Email scammers steal from local bank

A scammer recently gained access to a local bank account, according to the police’s Financial Crime Unit, and stole money from a woman in the United Kingdom using an email scam.

The scam, called a “phishing” attack, emulates an email from the bank and directs the reader to clink on a link. Email phishing is one of the most common forms of hacking, and many banks in Cayman have been subject to attempted email scams.

Police said in a statement that the woman “received an email purportedly from the local bank stating that the client’s account had been logged into from an unusual location outside the Cayman Islands. Instructions were given and a link provided for the client to log in to secure the account.”

CIBC FirstCaribbean managing director Mark McIntyre, who also serves as president of the Cayman Islands Bankers Association, said in a statement last year. “Cybercriminals can be very persistent and we have seen some quite creative efforts in developing all sorts of different schemes to trick recipients into believing their email is from a legitimate source.”

According to the U.S. Federal Bureau of Investigation, about 90 percent of hacker attacks come through email.

“These days it really does pay to be cautious when on the Internet and to ‘think before you click,’ to protect yourself from phishing attacks. That’s what I think the community really needs to understand,” Mr. McIntyre said.

Netflix scam

Last week, researchers with the U.S. cybersecurity firm Symantec found a new scam involving emails purporting to offer cheaper access to Netflix.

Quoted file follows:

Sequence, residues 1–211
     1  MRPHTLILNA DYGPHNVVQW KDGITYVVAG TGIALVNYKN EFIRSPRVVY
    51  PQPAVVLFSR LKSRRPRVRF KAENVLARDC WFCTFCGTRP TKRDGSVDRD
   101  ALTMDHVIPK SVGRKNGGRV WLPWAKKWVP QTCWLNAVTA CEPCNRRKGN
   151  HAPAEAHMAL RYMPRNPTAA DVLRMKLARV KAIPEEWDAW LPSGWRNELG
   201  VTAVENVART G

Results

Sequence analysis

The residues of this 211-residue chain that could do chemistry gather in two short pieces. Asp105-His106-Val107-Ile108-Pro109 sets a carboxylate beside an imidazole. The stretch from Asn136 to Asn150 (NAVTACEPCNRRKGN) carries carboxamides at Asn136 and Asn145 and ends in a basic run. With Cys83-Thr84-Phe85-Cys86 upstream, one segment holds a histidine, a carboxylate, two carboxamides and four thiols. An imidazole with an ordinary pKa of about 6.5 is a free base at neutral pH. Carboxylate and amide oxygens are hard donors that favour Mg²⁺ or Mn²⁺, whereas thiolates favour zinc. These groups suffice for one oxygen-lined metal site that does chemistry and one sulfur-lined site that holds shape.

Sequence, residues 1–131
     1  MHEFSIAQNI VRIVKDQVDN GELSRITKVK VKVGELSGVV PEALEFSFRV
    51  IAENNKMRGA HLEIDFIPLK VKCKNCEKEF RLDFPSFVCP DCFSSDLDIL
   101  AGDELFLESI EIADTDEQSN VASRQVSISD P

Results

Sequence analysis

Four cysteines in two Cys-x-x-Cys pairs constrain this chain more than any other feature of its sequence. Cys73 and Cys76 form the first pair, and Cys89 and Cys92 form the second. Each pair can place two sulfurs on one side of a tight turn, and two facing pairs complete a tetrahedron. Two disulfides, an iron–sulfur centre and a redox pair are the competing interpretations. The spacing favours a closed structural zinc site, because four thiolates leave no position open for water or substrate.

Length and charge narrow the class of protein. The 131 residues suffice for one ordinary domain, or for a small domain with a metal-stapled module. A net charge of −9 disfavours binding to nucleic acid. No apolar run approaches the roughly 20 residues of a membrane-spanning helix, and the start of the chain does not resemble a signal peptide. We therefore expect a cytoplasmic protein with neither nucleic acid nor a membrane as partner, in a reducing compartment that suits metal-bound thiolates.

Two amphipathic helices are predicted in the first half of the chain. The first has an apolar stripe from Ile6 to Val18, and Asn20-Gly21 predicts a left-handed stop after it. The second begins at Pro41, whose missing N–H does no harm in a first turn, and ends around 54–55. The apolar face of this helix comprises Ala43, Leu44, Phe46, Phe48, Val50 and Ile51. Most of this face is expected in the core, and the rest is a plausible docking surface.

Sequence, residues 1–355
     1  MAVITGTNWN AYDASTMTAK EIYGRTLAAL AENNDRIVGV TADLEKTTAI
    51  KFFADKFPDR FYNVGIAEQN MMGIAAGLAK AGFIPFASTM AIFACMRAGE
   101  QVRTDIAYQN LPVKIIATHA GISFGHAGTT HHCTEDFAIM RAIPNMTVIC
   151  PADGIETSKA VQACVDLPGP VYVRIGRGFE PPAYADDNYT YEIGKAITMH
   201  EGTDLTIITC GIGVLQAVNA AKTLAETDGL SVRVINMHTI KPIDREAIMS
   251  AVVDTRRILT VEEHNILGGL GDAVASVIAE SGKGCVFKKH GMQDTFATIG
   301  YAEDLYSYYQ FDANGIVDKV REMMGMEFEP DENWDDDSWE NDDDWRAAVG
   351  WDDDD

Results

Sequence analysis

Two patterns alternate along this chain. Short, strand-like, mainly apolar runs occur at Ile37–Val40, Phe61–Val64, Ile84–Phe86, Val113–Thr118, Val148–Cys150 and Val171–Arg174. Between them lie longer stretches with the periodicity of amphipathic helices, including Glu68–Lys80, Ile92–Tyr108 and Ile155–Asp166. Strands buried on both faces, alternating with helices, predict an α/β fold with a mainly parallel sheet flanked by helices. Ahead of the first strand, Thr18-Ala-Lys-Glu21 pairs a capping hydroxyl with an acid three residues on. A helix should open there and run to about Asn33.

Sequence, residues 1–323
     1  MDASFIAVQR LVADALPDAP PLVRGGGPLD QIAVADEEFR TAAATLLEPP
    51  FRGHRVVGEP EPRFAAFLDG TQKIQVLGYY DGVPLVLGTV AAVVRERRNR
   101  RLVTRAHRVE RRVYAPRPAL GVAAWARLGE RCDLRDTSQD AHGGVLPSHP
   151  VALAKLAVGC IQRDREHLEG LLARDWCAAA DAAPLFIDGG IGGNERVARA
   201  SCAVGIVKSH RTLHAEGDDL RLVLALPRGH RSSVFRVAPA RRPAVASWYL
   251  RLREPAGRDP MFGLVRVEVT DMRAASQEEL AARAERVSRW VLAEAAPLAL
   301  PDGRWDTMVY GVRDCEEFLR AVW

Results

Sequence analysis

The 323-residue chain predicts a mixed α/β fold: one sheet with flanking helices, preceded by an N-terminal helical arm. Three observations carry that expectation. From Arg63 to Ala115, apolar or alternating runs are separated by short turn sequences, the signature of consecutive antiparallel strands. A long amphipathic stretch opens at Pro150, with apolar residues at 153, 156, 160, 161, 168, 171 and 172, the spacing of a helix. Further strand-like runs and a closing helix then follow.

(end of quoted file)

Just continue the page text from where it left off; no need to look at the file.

Targets are enticed into downloading a fake version of the Netflix software, and meanwhile the site secretly installs software designed to steal banking information.

A separate version asks people to create a Netflix account and asks for their personal information and credit card details.

Phishing on the rise

Late last year, the Financial Crime Unit warned up an increase of phishing emails directed at clients of Cayman banks.

“The public should be suspicious of any banking instructions received over email purporting to be from banking institutions. The FCU has seen an increase in wire transfers and other banking activity as of late initiated on the basis of fraudulent instructions,” the police said in a December advisory.

The Financial Crime Unit said people should always call their bank to verify emails, and should never send personal financial information by email.

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